Search JTA's historical archive dating back to 1923

Efforts Help Israeli Arab Women Try to Make It in the Business World

February 14, 2005
See Original Daily Bulletin From This Date

For years, in the silence of midnight, Gamila Khir secretly perfected her homemade olive oil and herb soaps. When she launched her soap-making business, her Druse neighbors and even her husband mocked her. Now that she runs two factories, employs 26 workers and sells her products as far away as the United States, Hong Kong, Japan and the Netherlands, no one is laughing anymore.

“People told my husband, ‘What is your wife doing? It’s not natural. Take her to a psychologist.’ But now everyone congratulates me and says ‘Way to go.’ But at the beginning it was very hard,” said Khir, 65, her silver hair covered with the sheer white headscarf worn by traditional Druse women.

Khir, who had to drop out of school when she was 7 to help her parents farm, spoke at a recent conference in Haifa that highlighted the unique challenges facing Arab women and girls in Israel, especially in the fields of education and employment. In Israel, Arab girls are far less likely to pass high school matriculation exams than their Jewish counterparts and Arab women are the least employed sector in the country.

“Girls are not prepared for the work force and later they are labeled as women who do not want to work, who are lazy,” said Aida Touma-Suliman, director of the organization Women Against Violence.

In 2003, 18.5 percent of Arab women were employed, compared to 62 percent of Jewish women, according to a study by the Myers-JDC-Brookdale Institute, a leading center for applied social research in Israel.

“The gap is enormous,” said Myers-JDC-Brookdale’s director, Jack Habib. His organization helped host the Feb. 1 conference with the support of the Marshall Weinberg Fund for Professional Collaboration and Development.

The high levels of unemployment among Arab women are attributed to discrimination, large family size, lower levels of education and geographical distribution — many live in what is called the “periphery” in Israel, job-scarce regions outside the center of the country.

In addition, the recession that hit Israel in 2001, caused by the world economic downturn and the outbreak of the Palestinian intifada, reduced employment opportunities for Arabs in general.

The intifada, and the distrust it has sowed between Arabs and Jews further widened the divide between the two groups in Israel, Habib said, and that included an increased unwillingness on the part of Jewish Israeli employers to hire Arab workers.

There are, however, signs of progress, especially in the field of education. The dropout rate for Arab girls has decreased and now more Arab girls than boys complete high school. More Arab girls also are attending university than ever before.

Of Arab women with higher education, 63.4 percent are working, according to Myers-JDC-Brookdale’s 2003 figures, compared to the 5.1 percent of Arab women who have eight years or less of schooling.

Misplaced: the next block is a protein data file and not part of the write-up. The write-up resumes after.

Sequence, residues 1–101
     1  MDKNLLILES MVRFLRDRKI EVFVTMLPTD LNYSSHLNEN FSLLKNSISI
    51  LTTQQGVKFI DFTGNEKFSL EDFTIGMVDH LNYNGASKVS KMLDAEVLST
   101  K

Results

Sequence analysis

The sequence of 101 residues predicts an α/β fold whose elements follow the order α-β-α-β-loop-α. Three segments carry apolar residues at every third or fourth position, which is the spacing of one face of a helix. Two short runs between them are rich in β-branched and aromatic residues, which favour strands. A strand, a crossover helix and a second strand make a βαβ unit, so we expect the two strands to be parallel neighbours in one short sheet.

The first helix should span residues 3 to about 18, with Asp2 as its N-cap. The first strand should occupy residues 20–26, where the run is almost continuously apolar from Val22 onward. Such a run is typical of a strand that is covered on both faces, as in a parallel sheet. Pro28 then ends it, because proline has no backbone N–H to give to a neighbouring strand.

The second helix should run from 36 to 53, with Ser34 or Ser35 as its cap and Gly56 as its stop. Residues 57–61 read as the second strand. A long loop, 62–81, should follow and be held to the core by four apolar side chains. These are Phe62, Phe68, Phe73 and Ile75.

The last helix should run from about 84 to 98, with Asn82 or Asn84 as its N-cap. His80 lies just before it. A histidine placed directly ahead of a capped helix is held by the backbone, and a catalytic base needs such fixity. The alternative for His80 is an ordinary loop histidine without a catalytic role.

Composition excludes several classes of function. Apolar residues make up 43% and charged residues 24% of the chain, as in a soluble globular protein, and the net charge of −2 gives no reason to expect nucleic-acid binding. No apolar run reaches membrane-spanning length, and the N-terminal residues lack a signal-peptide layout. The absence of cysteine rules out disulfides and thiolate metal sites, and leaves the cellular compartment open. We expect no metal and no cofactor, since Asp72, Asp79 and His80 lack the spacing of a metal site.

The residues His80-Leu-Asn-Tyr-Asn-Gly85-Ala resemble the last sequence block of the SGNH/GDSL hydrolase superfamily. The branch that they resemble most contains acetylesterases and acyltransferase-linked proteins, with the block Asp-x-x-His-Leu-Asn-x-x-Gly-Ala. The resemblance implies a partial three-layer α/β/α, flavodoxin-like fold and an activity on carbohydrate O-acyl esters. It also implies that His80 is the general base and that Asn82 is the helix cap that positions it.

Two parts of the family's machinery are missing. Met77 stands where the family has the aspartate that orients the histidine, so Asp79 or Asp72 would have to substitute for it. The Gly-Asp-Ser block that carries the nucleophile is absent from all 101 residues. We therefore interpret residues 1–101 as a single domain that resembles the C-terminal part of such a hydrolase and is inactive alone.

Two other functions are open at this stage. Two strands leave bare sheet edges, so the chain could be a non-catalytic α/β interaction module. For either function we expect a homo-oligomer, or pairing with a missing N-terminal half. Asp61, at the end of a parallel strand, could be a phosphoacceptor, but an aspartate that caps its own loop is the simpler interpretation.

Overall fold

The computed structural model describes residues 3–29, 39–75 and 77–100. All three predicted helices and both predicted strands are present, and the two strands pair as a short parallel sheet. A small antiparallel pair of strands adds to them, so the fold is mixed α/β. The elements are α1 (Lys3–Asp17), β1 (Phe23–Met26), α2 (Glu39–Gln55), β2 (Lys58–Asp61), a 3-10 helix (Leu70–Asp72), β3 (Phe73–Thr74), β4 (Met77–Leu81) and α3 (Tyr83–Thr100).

A process of change and modernization can be seen, experts say, in a new willingness among parents to send their daughters to higher education, and among girls themselves, who increasingly see themselves as equals to boys.

Once in the work force, Arab women are fairly limited in the range of jobs they can take because of the dearth of job opportunities where they live, and the traditional dictates that discourage women traveling from their villages to find work. Women from less traditional homes who would be willing to leave their villages in pursuit of work are often stymied by the lack of public transportation in the Galilee and the Negev, where a large percentage of Israeli Arabs live.

The majority of Arab women in Israel who work find jobs as teachers or social workers or in local municipalities. Arab women are virtually invisible in politics. There are no Arab women in the Knesset and only three who sit on municipal councils.

Only a very small number work in business. The Jewish-Arab Center for Economic Cooperation is working to change that by helping Arab women become entrepreneurs. The center provides training courses in subjects such as financial management, accounting and computers.

Part of the challenge is finding a niche where they will be culturally comfortable and able to make a living.

Amal-El-Sanaa of AJIK, a Bedouin entrepreneurship organization, said her organization noted that male wedding photographers were not taking photos of women at Bedouin weddings because of issues of modesty. The organization saw this an opening to create a new profession among Bedouin women: wedding photographers. In July, AJIK ran its first course to train Bedouin women in wedding photography and videography. All the women who took the course now are working.

“We knew what the needs were and we saw what the market demanded,” said El-Sanaa.

Meanwhile, Khir is encouraging other Arab women to follow her lead.

“If someone wants success they have to believe in and love what they are doing,” said Khir, as she held up samples of different varieties of olive oil soap. They include lavender, jasmine and rosemary — all plants whose medicinal uses she learned from her grandmother. “I had a great drive and desire to succeed,” she said.

Recommended from JTA